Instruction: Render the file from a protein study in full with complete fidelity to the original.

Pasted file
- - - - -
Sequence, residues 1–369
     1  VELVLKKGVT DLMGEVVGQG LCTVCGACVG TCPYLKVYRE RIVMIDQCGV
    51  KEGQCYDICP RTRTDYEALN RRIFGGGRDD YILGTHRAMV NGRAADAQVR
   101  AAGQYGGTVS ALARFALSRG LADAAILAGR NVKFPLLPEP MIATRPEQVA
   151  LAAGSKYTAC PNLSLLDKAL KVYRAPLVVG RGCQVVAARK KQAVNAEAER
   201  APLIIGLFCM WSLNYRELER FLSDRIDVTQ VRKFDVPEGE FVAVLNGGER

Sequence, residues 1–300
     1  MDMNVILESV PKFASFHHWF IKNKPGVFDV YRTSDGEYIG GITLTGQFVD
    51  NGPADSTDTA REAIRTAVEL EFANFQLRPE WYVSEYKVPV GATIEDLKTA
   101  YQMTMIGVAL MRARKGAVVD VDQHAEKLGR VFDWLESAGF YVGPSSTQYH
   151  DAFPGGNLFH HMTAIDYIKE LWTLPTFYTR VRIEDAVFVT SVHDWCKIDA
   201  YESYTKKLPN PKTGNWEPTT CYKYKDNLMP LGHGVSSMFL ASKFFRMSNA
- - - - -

Sequence, residues 1–369
     1  VELVLKKGVT DLMGEVVGQG LCTVCGACVG TCPYLKVYRE RIVMIDQCGV
    51  KEGQCYDICP RTRTDYEALN RRIFGGGRDD YILGTHRAMV NGRAADAQVR
   101  AAGQYGGTVS ALARFALSRG LADAAILAGR NVKFPLLPEP MIATRPEQVA
   151  LAAGSKYTAC PNLSLLDKAL KVYRAPLVVG RGCQVVAARK KQAVNAEAER
   201  APLIIGLFCM WSLNYRELER FLSDRIDVTQ VRKFDVPEGE FVAVLNGGER

Sequence, residues 1–300
     1  MDMNVILESV PKFASFHHWF IKNKPGVFDV YRTSDGEYIG GITLTGQFVD
    51  NGPADSTDTA REAIRTAVEL EFANFQLRPE WYVSEYKVPV GATIEDLKTA
   101  YQMTMIGVAL MRARKGAVVD VDQHAEKLGR VFDWLESAGF YVGPSSTQYH
   151  DAFPGGNLFH HMTAIDYIKE LWTLPTFYTR VRIEDAVFVT SVHDWCKIDA
   201  YESYTKKLPN PKTGNWEPTT CYKYKDNLMP LGHGVSSMFL ASKFFRMSNA